It is thus disconcerting that the production’s energy flags only in the scenes when Pacino appears on stage. Pacino leans over and bends his knees, so that he is physically shorter than anyone else on stage. His Shylock is wounded and bitter, but never particularly malevolent. This is odd, given Pacino’s trademark rising inflection that makes the end of every sentence sound like a sarcasm-tinged challenge and threat. Even in the trial scene, as he whets the edge of his knife to cut out the pound of flesh from Antonio, Pacino seems to take little glee in preparing to take his revenge on the hypocritically unmerciful Christians.
While Pacino’s use of his voice has changed somewhat over the years to include much more shouting, he remains one of our most subtle and quicksilver actors, with an ability to alter his mood in an instant. It is this quality that one keenly misses in watching his Shylock, who seems simply defeated from the beginning. Even his big “Hath not a Jew eyes” speech is not particularly underlined in any way.
Pacino’s performance in the play is thus quite different from his performance in Michael Radford’s 2004 film version, which, while also quite restrained, did manage to convey Shylock’s power to pull down the entire social order if the law were not upheld. Pacino reportedly asked to play Shylock in the Park production; the film version, as is typical of film adaptations of Shakespeare, contains only about a third of the lines in the play. But he does little to make the role his own in the new stage version.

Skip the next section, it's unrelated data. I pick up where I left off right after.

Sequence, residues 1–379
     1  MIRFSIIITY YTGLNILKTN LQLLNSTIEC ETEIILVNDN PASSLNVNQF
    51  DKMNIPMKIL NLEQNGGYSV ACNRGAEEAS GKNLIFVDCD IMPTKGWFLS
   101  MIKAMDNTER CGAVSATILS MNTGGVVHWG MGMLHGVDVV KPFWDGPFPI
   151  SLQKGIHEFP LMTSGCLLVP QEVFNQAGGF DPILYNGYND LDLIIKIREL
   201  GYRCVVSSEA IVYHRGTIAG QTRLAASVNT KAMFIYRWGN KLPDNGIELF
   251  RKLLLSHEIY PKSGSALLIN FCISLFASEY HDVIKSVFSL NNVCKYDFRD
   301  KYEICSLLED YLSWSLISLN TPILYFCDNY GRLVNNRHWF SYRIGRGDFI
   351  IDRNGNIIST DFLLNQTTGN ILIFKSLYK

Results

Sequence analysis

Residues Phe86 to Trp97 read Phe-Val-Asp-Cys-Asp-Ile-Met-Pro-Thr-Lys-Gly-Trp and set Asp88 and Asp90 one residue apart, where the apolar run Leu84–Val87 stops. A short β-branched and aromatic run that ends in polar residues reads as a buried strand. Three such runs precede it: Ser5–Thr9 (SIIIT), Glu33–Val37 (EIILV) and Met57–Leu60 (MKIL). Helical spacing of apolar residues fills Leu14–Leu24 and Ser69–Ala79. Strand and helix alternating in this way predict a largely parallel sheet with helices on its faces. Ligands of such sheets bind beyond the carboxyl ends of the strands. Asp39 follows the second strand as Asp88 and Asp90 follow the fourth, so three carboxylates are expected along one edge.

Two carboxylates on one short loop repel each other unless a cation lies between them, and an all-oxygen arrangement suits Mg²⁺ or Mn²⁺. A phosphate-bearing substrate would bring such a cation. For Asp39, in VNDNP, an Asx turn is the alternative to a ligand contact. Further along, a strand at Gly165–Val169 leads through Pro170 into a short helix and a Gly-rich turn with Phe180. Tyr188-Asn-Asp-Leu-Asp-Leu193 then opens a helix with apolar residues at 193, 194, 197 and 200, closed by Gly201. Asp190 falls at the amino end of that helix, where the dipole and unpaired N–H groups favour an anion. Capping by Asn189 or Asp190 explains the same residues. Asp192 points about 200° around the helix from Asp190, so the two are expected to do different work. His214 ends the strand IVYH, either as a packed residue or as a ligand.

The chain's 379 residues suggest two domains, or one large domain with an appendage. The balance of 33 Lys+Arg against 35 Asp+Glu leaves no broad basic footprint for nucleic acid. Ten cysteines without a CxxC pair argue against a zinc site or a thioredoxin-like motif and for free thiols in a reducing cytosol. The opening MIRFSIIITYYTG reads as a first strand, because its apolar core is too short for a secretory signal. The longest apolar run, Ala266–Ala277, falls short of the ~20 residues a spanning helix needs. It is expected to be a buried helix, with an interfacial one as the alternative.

Instead of its concern with Jewishness, this production’s strongest suit is its visual punch: the masks and puppets used in the scene when Jessica runs off with Lorenzo, the Victrola that plays music while the characters serenade each other, the ingenious set that emphasizes Shylock’s outsiderness by putting moveable cages around all the actors, and the wonderfully romantic setting with the moon — the real moon — shining overhead.
At the end, Sullivan has Shylock being forcibly baptized — I have never seen this in a production of the play — and then Jessica comes out in a white dress and cavorts in the same little round pool. She then sits by the edge and reads the deed that will transfer all her father’s wealth to her when she dies, and she lets the document simply fall into the water. This leaves marvelously open-ended the question of her father’s complex legacy.
Shakespeare is simply meant to be performed outdoors. I regret to have missed the performance a few weeks ago when it actually started to rain during Portia’s “Quality of mercy” speech, and Rabe reportedly held out her hands and felt the soft rain on her arms as she talked about the mercy falling as the “gentle rain from heaven.” There is talk — just rumors, so far — of transferring this production to Broadway, just as “The Tempest,” starring Patrick Stewart, transferred to Broadway in 1995. (“On the Town” transferred in 1997.) But that production lost a lot in the translation to the indoor space, and this one might too. See it in the park if you can.
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“The Merchant of Venice” runs through Aug. 1 at the Delacorte Theater in Central Park. It is performed in repertory with “The Winter’s Tale.” Free tickets are distributed beginning at 1 p.m. at the Delacorte box office on the day of the performance. Some tickets are also given out in a daily online lottery. For more information, visit www.shakespeareinthepark.org.